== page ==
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Prothrombin Time (PT). Monitor warfarin (Coumadin) therapy. Screening test for diagnosis of vitamin K deficiency. Disseminated intravascular coagulation (DIC). Diagnosis of deficiencies of coagulation proteins of the extrinsic pathway (Factor VIII) and

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Prothrombin Time (PT)


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    1. Prothrombin Time (PT) • Monitor warfarin (Coumadin) therapy. • Screening test for diagnosis of vitamin K deficiency. • Disseminated intravascular coagulation (DIC). • Diagnosis of deficiencies of coagulation proteins of the extrinsic pathway (Factor VIII) and • common pathways (Factors I, II, V and X). • Diagnosis of inhibitors to Factors II, V and X.

    2. Prothrombin Time (PT) • Venous blood is collected in a citrate (blue top) tube. • A mixture of thromboplastin (phospholipid, tissue factor {Factor III} and calcium) added to patient plasma and time to clot formation is determined.

    3. Prothrombin Time (PT) • Common causes of acquired factor deficiencies include severe liver disease and vitamin K deficiency. • Inhibitors to Factor V and X are rare occurring primarily in patients with amyloidosis. • To distinguish factor deficiency from an inhibitor, an inhibitor screen (1:1 mixing study) is performed. If PT corrects, a deficiency should be suspected. If PT does not correct, an inhibitor should be suspected. • Ingestion of warfarin results in non-carboxylated vitamin K-dependent factors resulting in a prolonged PT.

    4. Partial Thromboplastin Time (PTT) • Screening for congenital or acquired deficiencies of intrinsic pathway factors (Factor VIII, VIV, XI, XII, prekallikrein and high molecular weight kininogen. • Monitoring heparin therapy. • Screening for inhibitors of Factor VIII, VIV, and XI. • Screening for lupus anticoagulant. • DIC.

    5. Partial Thromboplastin Time (PTT) • Venous blood is collected in a citrate (blue top) tube. • Mixture of phospholipid (partial thromboplastin) and calcium is incubated with citrated plasma and the time to clot formation is measured. • May be performed as a one-step procedure without an activator or may use an activator such as silica or kaolin (activated PTT or APTT).

    6. Partial Thromboplastin Time (PTT) • Common causes of acquired deficiency of intrinsic pathway factors include severe liver disease and vitamin K deficiency. • Inhibitors to Factor VIII and VIV occur predominantly in severe hemophilia A and hemophilia B respectively. • To distinguish factor deficiency from an inhibitor, an inhibitor screen (1:1 mixing study) is performed. If PTT corrects, deficiency should be suspected. If PTT does not correct, inhibitor should be suspected. • Deficiencies of factors in the common pathway prolong the PT more than the PTT.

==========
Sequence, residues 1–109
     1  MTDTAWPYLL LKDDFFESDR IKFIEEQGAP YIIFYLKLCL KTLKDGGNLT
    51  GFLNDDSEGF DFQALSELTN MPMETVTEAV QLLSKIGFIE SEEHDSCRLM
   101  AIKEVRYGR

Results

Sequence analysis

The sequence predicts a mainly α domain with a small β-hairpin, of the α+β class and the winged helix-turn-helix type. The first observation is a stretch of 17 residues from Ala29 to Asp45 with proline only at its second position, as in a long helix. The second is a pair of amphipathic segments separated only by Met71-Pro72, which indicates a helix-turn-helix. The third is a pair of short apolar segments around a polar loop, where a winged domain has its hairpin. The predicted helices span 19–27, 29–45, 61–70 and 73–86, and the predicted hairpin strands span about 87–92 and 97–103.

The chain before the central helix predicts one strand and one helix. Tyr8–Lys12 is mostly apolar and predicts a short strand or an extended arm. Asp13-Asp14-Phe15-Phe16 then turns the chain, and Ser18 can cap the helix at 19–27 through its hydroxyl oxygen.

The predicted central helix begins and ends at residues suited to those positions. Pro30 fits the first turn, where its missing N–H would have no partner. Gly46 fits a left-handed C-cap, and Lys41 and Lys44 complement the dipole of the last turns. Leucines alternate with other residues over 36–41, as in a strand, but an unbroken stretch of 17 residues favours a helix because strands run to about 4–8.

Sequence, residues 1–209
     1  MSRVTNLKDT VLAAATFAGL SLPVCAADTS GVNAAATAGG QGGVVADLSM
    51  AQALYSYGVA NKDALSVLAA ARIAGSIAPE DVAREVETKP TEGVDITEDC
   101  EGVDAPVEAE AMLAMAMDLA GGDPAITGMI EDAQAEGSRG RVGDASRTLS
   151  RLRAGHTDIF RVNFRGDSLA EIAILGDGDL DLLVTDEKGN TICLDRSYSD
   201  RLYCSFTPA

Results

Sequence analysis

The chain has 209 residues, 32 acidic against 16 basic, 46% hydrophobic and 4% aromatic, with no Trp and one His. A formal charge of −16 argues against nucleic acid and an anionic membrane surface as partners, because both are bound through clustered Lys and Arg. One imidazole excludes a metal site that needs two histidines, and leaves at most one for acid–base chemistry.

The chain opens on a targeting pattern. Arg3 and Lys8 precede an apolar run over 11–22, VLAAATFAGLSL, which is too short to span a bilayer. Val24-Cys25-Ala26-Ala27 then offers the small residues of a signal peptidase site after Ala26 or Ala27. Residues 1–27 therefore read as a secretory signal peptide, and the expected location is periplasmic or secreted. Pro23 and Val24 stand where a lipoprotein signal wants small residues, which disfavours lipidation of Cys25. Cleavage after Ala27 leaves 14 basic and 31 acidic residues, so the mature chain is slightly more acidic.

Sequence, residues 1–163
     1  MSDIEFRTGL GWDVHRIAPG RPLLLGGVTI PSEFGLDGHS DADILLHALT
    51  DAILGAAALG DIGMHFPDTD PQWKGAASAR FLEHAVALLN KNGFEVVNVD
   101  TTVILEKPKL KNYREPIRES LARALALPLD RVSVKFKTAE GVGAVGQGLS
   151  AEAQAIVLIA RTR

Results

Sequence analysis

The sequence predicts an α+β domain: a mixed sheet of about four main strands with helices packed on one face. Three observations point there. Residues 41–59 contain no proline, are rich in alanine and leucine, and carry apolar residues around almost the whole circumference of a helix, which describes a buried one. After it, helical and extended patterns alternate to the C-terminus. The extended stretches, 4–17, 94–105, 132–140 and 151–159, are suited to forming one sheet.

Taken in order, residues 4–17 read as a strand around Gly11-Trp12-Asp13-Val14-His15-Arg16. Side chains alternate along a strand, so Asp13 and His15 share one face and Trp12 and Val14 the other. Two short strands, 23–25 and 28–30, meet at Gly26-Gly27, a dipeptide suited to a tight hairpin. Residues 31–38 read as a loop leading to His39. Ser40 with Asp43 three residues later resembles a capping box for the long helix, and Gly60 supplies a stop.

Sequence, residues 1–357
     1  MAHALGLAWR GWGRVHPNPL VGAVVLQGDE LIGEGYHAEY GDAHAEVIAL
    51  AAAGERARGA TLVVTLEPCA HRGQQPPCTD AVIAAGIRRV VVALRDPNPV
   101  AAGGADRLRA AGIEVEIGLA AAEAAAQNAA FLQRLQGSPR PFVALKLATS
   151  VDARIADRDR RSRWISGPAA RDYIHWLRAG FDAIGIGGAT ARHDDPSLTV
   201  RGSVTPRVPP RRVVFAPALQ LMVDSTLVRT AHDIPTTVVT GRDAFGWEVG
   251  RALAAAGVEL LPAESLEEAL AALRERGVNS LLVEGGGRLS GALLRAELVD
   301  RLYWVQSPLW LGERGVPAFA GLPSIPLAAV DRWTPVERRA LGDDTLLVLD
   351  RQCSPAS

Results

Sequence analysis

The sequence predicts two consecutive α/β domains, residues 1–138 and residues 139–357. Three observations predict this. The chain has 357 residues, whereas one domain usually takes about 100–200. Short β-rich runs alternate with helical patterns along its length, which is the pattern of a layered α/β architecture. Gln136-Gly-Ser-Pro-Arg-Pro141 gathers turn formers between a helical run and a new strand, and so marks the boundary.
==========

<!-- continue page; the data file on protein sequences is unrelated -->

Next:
7. 1:1 Mixing Study for Prolonged PT • To determine if prolonged PT is due to deficiency of Factor II, V, VII or X or due to the presence of an inhibitor.

    8. 1:1 Mixing Study for Prolonged PT • Equal portions of patient plasma and normal plasma are combined and incubated for various lengths of time, typically 0 minutes, 30 minutes, 60 minutes and 120 minutes. • PT is performed. If PT corrects with the addition of normal plasma, a factor deficiency is the cause of the prolonged PT. If the PT corrects partially or not at all, a prolonged PTT is due to the presence of an inhibitor.

    9. 1:1 Mixing Study for Prolonged PTT • To determine if a prolonged PTT is due to a deficiency of Factor VIII, VIV, XI, XII, prekallikrein or high molecular weight kininogen or is due to the presence of a factor inhibitor or the lupus inhibitor.

    10. 1:1 Mixing Study for Prolonged PTT • Equal portions of patient plasma and normal plasma are mixed and a PTT is performed following incubation at 37 for various times, typically 0 minutes, 30 minutes, 60 minutes and 120 minutes. If the PTT corrects into the normal range, a factor deficiency is indicated. Partial correction or no correction indicates the presence of an inhibitor.

    11. 1:1 Mixing Study for Prolonged PTT • Lupus inhibitor is usually evident after immediate mixing, i.e. the PTT is prolonged at 0 minutes and all subsequent time points. • A Factor VIII inhibitor usually corrects or nearly corrects on immediate mixing but fails to correct at later time points (one or two hours).

    12. Fibrin/Fibrinogen Degradation Products (FDP) • Use: • Disseminated intravascular coagulation. • Primary fibrinolysis. • Thrombolytic states. • Collection: • Venous blood is collected in a citrate (blue top) tube or in special clot tubes specifically designated for FDP specimens